- Employees of internal and external market research firms
- Additionally, don’t be afraid to start out small with your first project of market research. Start by asking questions using low-cost or free online survey services, such as Google forms.
How do you conduct market research?
The most typical kinds of market research are listed below. Look into them to determine which one best fits your needs.
Which rivals should I study when conducting a competitive analysis?
A competitive move you didn’t anticipate can make the difference between success and failure. Competitive analysis can help you avoid being caught off guard. Even though your market may be crowded, if you concentrate on the top 3 competitors, you’ll learn enough about them to stop worrying about the lesser-known players.
Competitive analysis model – Porter’s 5 forces
In order to analyze the competing forces in any market, Michael Porter created a model. He identified key elements to understanding the nature of competition in your industry as the bargaining power of customers, the bargaining power of suppliers, the threat of substitute products, the threat of new entrants into the market, and the intensity of competitive rivalry. For more information on where the threats from competition are likely to come from in your industry, read up on this crucial thought process.
Product Comparisons for Competitive Analysis
A side-by-side product comparison chart that contrasts features is the most popular competitive analysis tool used by product managers. Don’t forget to include elements of service, warranties, finance, service, and reliability that could strengthen the argument for competition. Create a table with your findings and distribute it to your sales team. One word of advice: exercise caution when deciding which information you want to divulge to third parties.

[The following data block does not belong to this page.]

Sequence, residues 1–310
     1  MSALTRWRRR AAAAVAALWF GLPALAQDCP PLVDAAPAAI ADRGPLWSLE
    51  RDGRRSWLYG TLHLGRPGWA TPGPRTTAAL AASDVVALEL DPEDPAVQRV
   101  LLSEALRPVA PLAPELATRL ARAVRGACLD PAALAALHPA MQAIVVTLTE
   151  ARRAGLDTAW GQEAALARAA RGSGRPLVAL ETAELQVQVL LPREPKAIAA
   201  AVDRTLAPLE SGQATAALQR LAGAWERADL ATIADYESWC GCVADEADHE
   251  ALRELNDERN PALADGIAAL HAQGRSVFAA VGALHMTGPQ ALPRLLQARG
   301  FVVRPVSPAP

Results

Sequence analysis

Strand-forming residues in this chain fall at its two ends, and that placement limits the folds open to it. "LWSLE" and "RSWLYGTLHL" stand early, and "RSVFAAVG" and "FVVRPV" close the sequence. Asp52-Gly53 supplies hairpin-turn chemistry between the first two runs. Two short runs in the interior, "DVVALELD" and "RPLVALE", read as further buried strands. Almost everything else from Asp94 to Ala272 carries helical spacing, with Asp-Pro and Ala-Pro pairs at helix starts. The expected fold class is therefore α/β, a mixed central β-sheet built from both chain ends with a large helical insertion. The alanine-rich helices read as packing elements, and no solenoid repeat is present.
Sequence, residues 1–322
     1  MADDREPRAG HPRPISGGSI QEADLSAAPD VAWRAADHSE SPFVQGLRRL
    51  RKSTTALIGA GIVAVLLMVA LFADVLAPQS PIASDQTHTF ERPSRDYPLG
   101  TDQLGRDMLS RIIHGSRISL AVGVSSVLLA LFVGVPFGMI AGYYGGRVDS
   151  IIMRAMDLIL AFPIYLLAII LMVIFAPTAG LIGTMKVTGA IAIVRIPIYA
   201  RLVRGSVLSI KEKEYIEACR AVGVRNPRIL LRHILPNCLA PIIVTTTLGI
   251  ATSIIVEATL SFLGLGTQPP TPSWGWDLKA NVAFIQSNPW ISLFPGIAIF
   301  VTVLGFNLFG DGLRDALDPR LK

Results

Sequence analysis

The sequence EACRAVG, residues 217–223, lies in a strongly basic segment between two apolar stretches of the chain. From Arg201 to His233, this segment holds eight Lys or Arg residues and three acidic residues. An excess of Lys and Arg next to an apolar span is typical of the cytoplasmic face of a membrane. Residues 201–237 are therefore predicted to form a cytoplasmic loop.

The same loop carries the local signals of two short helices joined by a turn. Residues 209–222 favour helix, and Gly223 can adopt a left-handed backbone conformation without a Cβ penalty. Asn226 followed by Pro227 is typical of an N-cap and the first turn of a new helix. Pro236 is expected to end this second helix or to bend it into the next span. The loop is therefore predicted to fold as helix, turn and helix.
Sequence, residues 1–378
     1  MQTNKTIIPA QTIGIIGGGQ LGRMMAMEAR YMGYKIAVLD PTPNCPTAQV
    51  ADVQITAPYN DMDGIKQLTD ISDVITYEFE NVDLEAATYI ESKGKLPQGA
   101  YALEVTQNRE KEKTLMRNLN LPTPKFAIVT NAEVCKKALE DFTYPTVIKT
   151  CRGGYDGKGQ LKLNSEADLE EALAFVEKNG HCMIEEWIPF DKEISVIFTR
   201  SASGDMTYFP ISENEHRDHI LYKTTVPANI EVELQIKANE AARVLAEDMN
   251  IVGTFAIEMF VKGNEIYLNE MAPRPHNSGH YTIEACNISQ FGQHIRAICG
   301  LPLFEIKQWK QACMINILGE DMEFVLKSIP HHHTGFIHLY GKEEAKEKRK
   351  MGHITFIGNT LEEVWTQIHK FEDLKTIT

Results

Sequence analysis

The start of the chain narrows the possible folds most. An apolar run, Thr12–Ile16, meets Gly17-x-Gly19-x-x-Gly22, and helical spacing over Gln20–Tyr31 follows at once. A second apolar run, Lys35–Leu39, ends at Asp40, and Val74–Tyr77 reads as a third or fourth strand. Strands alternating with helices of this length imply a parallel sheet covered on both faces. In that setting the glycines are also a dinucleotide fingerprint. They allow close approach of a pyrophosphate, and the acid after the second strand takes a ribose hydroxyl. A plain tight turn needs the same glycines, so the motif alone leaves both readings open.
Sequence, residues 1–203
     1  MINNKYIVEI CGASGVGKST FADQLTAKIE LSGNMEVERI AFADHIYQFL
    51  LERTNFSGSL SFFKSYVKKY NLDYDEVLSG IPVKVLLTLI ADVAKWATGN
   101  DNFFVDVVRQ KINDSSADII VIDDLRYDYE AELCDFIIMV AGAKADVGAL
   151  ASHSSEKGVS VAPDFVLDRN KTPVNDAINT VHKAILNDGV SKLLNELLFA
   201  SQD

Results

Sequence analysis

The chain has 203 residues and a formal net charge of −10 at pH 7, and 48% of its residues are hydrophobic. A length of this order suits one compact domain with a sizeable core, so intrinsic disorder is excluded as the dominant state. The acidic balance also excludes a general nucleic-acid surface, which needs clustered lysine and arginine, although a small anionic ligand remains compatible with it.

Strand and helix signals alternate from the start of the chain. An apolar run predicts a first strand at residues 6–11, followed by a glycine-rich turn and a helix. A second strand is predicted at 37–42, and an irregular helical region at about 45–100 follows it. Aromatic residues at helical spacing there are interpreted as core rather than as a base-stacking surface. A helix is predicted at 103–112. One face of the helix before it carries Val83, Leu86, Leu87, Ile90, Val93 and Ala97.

Competitive Analysis Beyond Product Comparisons
Expand on this initial analysis to gain a deeper understanding of the business. Their financial situation? What is the leadership’s history and bias? What about the group that launches products? You can better resist a competitor’s moves if you are aware of their sales, channel, and marketing actions and reflexes.
How to Research your Market and Competitors
The first step is to simply identify who your top competitors are, even though it may seem obvious. It is important to distinguish between direct and indirect competitors.
The same customer base that you are targeting is being targeted by direct competitors. They offer a comparable good or service and are addressing the same issue that you are.
Indirect competitors might offer a comparable good or service but target a different market, or they might aim for the same clientele but offer something a little bit different.
It’s critical to comprehend this portion of your market for two reasons: (1) it may present opportunities for your company to grow; and (2) it may also reveal a threat to your company that you might not otherwise be aware of.
The following six steps will help you begin conducting competitive research: